# I Why can I assume the force to be constant in this interval?

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1. Feb 18, 2017

### EddiePhys

If I have force, or any function f(z), I was told that I can assume it to be constant only in the interval dz.

However, in this case, I had to calculate the work done by the spring force as a function of y

Over here, I assumed the spring force, which is a function of its elongation x (F = -kx) to be constant in the interval dy and integrated and this gave me the correct answer

I want to know why the error vanished over here. Shouldn't spring force only be constant in the interval dx and not dy?

I also want to know, in general, if I have a function, how to decide whether it is constant in some particular interval/in which cases the error will vanish as I take the limit and integrate. Or are forces/functions constant for any infinitesimal intervals such as Rdθ, dy/cosθ, dz etc etc.?

2. Feb 18, 2017

### FactChecker

It is assumed that dz is infinitesimally small and that f is continuous within the z axis segment that dz spans. Then you can assume that the function is at it's segment maximum, minimum, average, or any of its segment values. The differences should be so small that it doesn't change the integral value significantly.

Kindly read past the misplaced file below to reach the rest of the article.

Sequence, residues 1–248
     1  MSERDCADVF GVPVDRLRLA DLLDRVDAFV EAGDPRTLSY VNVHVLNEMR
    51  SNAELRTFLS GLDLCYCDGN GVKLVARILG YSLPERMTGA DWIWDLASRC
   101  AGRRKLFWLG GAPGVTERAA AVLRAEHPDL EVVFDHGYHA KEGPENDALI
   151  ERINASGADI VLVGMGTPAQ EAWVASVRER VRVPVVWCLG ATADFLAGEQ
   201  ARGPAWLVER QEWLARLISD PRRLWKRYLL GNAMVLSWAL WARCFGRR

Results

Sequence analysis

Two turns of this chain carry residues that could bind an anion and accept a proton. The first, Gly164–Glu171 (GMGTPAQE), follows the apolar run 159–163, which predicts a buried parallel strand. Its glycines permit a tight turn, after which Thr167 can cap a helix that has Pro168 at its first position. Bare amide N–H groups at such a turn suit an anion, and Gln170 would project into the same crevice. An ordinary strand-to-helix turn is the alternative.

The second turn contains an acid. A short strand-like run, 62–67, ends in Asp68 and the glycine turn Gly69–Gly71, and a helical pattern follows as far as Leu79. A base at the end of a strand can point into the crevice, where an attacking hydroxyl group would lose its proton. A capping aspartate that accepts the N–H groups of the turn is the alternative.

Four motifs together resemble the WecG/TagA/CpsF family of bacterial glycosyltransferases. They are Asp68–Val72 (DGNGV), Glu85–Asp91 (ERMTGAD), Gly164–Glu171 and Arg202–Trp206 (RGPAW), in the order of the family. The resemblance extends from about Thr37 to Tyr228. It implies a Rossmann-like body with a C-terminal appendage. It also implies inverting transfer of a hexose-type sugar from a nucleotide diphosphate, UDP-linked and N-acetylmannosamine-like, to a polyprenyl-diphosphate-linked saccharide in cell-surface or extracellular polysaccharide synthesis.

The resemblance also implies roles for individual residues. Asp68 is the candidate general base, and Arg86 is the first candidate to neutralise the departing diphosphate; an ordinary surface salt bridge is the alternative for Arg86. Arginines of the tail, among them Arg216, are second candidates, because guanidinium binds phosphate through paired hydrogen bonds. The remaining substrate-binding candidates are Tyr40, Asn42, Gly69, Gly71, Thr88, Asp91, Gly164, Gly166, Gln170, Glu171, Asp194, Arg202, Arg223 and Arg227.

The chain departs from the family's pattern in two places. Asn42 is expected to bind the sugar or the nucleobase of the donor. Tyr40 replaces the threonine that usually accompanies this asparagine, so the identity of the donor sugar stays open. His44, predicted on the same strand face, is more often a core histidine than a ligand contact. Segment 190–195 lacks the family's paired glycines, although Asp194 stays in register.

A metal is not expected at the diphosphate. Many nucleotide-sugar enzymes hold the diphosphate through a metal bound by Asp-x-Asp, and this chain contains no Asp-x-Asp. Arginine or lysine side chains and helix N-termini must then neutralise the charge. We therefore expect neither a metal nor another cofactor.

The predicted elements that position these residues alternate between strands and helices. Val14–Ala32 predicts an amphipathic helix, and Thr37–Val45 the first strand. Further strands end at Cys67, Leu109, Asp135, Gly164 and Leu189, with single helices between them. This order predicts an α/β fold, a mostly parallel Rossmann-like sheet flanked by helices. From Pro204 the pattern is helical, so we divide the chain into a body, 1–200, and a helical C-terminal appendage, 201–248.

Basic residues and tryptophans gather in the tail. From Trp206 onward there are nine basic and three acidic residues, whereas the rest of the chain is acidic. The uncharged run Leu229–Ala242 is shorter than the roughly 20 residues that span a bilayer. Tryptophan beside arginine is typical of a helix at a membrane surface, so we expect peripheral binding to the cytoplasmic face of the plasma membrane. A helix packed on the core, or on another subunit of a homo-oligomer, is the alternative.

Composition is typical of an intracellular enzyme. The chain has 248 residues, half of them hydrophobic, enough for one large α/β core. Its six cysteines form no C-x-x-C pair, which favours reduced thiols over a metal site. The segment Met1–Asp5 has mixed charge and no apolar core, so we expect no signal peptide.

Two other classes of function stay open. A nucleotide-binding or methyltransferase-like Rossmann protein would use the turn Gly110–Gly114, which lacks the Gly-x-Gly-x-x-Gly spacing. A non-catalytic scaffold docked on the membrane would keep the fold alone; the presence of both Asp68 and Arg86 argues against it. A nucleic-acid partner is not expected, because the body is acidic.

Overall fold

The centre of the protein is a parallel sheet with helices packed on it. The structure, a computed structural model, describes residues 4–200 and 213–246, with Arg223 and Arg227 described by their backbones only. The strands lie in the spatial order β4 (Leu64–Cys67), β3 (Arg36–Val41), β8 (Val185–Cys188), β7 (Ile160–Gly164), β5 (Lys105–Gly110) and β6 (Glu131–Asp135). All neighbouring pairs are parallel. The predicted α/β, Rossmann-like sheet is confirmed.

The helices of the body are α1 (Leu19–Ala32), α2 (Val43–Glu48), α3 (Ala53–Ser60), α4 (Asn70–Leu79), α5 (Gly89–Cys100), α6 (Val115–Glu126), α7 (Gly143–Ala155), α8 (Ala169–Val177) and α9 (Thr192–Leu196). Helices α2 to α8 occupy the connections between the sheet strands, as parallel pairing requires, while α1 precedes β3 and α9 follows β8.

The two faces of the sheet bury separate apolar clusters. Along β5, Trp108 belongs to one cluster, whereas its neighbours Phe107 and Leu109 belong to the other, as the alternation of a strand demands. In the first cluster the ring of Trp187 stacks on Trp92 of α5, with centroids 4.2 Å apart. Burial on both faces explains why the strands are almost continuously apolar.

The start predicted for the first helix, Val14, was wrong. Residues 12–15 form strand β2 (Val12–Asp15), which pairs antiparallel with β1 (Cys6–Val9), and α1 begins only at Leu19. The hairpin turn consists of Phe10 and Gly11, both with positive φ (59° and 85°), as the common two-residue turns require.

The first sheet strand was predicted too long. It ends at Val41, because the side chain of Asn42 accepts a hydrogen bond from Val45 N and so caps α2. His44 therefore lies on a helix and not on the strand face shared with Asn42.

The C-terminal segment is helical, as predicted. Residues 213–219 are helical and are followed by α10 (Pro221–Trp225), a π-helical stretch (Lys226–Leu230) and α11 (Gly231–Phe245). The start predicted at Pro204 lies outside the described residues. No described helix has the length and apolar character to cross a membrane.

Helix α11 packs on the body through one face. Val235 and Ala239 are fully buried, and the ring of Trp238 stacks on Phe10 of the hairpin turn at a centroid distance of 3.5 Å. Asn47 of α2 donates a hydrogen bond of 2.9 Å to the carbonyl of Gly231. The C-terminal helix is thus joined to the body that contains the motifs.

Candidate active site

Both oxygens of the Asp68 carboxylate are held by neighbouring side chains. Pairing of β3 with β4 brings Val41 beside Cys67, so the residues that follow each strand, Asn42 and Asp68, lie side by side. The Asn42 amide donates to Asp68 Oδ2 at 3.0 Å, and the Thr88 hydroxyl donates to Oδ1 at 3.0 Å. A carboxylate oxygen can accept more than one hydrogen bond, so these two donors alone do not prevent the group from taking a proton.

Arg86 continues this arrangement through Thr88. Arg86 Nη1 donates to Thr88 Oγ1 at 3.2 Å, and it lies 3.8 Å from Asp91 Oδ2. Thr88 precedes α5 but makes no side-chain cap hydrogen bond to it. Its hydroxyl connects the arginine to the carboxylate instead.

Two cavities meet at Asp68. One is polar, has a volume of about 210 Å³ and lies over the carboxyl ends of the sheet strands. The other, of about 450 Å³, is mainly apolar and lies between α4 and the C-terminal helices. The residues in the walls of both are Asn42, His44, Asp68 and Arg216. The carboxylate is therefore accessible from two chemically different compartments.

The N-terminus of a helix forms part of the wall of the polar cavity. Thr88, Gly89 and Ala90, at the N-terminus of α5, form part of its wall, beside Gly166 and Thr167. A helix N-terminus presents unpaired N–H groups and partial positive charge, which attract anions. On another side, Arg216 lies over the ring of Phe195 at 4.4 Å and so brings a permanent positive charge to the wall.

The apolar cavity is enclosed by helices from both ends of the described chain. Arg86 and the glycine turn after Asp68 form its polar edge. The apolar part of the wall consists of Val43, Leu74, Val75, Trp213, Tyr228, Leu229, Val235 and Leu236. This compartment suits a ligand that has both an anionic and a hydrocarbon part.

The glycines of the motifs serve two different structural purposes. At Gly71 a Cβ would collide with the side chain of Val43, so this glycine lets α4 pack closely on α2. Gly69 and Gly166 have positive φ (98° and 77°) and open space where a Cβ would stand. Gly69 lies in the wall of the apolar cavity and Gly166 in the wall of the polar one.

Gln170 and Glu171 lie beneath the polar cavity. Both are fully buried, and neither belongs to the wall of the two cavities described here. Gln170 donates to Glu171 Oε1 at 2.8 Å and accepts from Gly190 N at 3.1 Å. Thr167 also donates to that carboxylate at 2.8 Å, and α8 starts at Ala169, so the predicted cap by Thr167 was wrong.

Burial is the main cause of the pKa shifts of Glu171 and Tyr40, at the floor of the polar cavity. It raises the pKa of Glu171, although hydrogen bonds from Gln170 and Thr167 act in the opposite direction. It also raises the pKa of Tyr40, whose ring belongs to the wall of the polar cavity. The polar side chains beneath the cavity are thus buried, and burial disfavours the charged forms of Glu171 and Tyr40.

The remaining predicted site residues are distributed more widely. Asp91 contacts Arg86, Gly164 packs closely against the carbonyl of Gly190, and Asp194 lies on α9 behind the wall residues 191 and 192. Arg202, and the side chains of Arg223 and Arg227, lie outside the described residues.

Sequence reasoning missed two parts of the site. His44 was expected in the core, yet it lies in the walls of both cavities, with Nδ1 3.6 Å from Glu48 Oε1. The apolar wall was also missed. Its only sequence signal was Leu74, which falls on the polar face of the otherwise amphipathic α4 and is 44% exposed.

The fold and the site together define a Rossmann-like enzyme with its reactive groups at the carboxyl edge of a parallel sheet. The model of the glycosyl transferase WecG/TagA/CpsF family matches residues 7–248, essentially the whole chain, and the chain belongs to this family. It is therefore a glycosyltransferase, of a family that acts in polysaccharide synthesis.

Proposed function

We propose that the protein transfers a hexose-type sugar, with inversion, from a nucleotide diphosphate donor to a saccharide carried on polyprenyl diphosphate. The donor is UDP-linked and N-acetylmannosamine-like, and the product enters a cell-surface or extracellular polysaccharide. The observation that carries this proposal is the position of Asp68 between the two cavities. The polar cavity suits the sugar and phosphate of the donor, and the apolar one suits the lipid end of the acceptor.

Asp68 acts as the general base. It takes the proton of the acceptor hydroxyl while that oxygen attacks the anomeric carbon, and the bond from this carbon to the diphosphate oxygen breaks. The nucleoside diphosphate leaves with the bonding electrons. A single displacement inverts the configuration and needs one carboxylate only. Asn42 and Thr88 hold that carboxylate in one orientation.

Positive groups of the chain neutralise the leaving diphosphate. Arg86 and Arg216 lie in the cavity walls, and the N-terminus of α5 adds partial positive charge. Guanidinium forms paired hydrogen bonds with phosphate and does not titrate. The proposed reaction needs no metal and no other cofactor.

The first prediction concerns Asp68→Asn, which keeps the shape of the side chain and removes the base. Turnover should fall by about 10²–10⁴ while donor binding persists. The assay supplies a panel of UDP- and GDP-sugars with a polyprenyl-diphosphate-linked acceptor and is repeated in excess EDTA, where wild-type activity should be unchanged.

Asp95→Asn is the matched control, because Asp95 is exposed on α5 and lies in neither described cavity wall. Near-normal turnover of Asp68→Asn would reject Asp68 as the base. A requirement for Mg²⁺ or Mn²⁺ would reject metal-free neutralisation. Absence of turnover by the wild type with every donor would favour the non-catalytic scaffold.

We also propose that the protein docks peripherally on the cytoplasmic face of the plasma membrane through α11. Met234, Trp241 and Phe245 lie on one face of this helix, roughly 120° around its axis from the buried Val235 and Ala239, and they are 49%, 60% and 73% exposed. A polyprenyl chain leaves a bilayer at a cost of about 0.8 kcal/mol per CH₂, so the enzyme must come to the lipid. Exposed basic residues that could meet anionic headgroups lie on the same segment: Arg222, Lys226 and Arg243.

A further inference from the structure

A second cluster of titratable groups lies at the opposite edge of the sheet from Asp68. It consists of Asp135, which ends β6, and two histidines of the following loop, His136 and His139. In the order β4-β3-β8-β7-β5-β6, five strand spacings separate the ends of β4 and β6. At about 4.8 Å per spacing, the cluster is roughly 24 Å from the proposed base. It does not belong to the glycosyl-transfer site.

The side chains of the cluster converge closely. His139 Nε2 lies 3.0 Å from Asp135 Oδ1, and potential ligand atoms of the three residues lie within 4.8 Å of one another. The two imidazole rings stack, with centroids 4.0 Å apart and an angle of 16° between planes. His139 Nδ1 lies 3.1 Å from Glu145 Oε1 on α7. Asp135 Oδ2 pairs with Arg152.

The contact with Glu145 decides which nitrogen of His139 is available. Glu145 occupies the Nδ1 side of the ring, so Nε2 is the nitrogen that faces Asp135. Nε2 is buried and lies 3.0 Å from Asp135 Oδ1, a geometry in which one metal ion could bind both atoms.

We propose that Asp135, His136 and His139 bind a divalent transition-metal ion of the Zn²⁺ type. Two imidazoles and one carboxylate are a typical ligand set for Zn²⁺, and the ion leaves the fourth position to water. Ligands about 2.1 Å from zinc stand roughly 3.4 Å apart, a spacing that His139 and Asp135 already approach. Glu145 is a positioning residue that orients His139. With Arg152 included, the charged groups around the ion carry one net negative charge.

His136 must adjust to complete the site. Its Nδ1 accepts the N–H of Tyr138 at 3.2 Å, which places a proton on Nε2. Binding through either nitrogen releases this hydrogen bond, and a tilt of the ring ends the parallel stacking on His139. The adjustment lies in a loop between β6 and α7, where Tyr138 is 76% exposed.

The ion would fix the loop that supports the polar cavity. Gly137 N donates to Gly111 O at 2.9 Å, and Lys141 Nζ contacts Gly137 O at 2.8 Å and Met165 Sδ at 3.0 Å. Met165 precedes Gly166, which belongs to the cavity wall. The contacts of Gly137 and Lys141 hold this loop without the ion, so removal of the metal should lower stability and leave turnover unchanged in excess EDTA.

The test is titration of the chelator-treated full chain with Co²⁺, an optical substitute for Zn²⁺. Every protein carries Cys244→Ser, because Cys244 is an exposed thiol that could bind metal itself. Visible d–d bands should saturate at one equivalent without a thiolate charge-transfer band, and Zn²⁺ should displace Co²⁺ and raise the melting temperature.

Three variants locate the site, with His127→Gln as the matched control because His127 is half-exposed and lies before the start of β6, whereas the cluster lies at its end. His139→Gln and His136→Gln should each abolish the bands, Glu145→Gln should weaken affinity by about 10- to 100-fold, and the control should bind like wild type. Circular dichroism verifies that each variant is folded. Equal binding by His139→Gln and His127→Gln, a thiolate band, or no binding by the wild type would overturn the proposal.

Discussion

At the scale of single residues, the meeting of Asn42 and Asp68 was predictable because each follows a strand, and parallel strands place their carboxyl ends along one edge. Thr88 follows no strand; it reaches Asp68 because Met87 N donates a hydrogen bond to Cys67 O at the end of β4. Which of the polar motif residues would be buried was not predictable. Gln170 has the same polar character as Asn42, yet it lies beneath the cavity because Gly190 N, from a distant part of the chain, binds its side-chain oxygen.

3. Feb 18, 2017

### sophiecentaur

You are touching on the very basics of Calculus here. Long story short: you start with a finite step in x (δx) and that gives you a change δy. The Limit of the value of the work done dW assumes (justifiably here) that θ doesn't change as δx →0
There has been loads and loads written about this sort of thing and, if you get a Calculus Intro text book, you can find out when that sort of step is justified and when it's not. You could try posting a similar question on the Maths Forum and see if you get a better answer from a Mathematician who can sum it up in less than several pages of text book.

4. Feb 18, 2017

### EddiePhys

Okay, I'll post it on a maths forum. Thanks!